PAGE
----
Analyzing the mechanisms of segmentation in glossiphoniid leeches such as Helobdella robusta may contribute to resolving this paradox by either of two routes. For example, finding that segmentation is homologous between leeches (a highly derived but experimentally tractable taxon of segmented lophotrochozoans) and insects (a highly derived but experimentally tractable taxon of segmented ecdysozoans) would suggest that the urprotostome was already segmented, and would be consistent with the hypothesis that the urbilaterian was already segmented as well. Conversely, concluding that segmentation is not homologous between representatives of the two clades of protostomes would support the hypothesis that segmentation arose multiple times.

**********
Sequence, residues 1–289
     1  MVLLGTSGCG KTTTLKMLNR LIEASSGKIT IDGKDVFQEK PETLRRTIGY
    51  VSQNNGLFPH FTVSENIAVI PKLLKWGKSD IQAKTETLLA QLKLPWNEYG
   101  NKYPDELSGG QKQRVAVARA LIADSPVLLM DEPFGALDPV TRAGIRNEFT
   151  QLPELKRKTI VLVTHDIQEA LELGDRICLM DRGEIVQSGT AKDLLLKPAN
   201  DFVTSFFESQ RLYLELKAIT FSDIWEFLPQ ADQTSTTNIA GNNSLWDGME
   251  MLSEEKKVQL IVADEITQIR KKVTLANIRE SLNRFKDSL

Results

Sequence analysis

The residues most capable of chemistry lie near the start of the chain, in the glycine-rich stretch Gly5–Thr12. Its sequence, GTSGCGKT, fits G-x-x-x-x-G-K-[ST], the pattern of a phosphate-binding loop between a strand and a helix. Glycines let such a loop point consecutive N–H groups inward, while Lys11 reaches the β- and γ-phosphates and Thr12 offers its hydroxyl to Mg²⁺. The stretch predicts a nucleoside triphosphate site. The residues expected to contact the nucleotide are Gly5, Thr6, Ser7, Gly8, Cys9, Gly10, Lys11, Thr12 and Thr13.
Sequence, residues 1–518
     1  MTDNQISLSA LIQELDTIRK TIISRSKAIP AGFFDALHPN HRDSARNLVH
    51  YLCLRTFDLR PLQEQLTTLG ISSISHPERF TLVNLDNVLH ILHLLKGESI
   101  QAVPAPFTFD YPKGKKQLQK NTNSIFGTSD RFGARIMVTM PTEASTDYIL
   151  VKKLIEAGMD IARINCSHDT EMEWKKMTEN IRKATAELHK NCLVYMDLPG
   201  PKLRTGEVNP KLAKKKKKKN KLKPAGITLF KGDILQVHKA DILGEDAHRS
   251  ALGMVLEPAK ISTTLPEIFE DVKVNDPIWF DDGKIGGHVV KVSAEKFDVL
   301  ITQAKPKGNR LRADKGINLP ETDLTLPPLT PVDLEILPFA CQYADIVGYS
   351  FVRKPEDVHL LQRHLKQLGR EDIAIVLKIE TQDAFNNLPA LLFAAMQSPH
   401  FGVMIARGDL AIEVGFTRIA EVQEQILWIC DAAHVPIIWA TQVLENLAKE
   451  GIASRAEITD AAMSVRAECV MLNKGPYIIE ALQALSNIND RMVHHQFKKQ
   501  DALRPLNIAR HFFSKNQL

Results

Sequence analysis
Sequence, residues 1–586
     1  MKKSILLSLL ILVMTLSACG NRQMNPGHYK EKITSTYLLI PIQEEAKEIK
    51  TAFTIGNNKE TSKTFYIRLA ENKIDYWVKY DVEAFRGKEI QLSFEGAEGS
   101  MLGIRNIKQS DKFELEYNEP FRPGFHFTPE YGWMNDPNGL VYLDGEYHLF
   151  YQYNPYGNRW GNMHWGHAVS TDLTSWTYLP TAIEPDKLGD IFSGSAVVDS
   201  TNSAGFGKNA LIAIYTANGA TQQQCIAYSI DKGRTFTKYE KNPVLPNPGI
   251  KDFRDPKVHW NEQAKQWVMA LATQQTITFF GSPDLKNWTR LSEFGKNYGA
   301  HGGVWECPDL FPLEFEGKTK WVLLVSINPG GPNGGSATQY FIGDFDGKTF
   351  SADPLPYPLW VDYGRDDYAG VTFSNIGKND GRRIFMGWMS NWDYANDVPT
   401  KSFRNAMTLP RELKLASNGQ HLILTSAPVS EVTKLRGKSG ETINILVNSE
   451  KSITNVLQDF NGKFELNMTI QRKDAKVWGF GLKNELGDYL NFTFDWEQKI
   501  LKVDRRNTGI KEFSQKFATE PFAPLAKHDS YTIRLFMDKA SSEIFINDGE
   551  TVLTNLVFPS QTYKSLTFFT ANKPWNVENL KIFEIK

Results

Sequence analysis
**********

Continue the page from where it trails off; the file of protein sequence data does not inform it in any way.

The primary pair-rule gene even-skipped (eve) is among the first genes to exhibit regular, spatially iterated patterns in Drosophila (Frasch et al., 1987; Macdonald et al., 1986). Homologs of eve have also been described in arthropods, such as the beetle Tribolium castaneum and the grasshopper Schistocerca americana, and the spider Cupiennius salei, that form segments sequentially. Tribolium-eve and Cupiennius-eve are expressed in striped patterns that correlate with segmentation (Brown et al., 1997; Damen et al., 2000; Patel, 1994), while Schistocerca-eve is expressed in the posterior growth zone without forming stripes (Patel et al., 1992). Neuronal expression of eve-class genes is conserved throughout the arthropods (Damen et al., 2000; Duman-Scheel and Patel, 1999; Frasch et al., 1987; Patel et al., 1992).